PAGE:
The Japanese Waxwing is one of three species of waxwing in the world. They live in parts of northeast Asia; despite the name, they only visit Japan during the winter months.
Japanese Waxwings are similar in appearance to their cousins: Bohemian Waxwings and Cedar Waxwings. However, Japanese Waxwings lack the waxy-looking feather tips which give the family their name.
The conservation status of the Japanese Waxwing is considered to be Near Threatened as of June 2013. The species has a relatively small breeding range and logging may pose a threat to the health of their preferred habitat.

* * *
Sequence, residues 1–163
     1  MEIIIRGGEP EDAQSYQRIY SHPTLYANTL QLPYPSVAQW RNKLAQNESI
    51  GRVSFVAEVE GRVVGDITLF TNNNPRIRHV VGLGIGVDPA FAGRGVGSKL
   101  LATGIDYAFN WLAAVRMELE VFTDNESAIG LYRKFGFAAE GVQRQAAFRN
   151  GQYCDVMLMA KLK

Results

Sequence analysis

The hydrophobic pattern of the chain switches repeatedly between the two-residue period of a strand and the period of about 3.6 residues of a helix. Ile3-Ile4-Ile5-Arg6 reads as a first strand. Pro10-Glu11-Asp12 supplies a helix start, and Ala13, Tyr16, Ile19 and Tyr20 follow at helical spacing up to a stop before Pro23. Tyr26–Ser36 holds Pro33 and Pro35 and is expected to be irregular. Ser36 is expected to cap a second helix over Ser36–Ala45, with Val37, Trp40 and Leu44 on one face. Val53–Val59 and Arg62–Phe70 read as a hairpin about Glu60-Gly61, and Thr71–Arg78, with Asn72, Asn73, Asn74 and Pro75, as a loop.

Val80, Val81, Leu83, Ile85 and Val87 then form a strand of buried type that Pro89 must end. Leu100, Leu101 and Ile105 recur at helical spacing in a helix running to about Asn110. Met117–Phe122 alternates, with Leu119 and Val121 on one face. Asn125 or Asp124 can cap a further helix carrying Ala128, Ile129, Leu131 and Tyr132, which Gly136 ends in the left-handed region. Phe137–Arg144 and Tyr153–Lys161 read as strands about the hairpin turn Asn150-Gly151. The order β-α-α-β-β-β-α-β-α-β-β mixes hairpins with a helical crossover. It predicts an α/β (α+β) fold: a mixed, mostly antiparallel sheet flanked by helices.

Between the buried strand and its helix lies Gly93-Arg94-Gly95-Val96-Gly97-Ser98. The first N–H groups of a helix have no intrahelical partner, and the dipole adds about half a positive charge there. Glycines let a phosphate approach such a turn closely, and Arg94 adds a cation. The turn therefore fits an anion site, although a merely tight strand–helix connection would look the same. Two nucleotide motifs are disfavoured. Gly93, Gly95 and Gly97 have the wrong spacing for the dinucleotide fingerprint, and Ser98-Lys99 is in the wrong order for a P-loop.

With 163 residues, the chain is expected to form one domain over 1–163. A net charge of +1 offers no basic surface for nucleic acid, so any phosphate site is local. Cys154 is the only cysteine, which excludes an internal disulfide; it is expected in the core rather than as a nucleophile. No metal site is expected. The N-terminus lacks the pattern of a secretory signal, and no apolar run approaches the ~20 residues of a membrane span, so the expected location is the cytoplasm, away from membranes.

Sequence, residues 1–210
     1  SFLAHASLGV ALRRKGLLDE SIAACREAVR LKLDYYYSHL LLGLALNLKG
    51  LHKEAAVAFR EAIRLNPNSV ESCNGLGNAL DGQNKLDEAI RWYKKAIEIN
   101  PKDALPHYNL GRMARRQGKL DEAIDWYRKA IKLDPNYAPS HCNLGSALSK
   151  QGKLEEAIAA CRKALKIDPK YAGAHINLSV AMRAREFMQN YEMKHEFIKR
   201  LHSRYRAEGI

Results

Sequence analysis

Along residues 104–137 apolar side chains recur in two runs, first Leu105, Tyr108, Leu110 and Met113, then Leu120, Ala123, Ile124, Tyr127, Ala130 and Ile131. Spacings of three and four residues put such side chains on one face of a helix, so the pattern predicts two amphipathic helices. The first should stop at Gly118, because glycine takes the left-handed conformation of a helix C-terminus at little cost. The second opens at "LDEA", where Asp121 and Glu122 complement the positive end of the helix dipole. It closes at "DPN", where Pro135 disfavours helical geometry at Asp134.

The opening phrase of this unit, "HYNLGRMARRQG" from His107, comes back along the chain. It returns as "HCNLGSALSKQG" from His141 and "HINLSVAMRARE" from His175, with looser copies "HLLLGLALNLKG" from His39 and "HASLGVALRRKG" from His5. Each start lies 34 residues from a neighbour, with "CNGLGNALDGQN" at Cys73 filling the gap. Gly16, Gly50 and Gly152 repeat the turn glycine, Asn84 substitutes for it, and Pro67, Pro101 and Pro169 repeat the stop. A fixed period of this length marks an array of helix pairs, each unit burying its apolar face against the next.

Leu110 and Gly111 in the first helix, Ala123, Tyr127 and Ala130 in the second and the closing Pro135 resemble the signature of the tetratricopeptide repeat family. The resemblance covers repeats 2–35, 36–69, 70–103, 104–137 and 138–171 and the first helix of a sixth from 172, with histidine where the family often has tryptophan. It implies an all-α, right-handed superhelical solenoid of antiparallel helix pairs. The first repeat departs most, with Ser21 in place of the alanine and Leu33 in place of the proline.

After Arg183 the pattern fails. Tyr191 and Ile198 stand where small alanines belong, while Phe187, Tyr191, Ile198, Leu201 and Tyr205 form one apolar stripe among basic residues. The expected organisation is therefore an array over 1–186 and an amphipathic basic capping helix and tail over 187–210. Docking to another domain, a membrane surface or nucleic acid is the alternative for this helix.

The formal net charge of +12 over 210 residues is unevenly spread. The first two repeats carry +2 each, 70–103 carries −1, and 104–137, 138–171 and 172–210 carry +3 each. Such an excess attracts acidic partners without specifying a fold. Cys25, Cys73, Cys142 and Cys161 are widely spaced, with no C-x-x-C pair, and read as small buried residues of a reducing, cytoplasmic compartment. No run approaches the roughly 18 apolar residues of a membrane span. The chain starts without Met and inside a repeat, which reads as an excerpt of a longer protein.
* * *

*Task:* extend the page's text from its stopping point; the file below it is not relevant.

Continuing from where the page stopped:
From IUCN Red List: The Japanese Waxwing is listed as Near Threatened
on the IUCN Red List and was last assessed in 2012 by BirdLife International. This scarce species is thought to have a moderately small global population size, and is threatened by both habitat loss and persecution for the wild bird trade. It is therefore currently considered Near Threatened, and should be carefully monitored.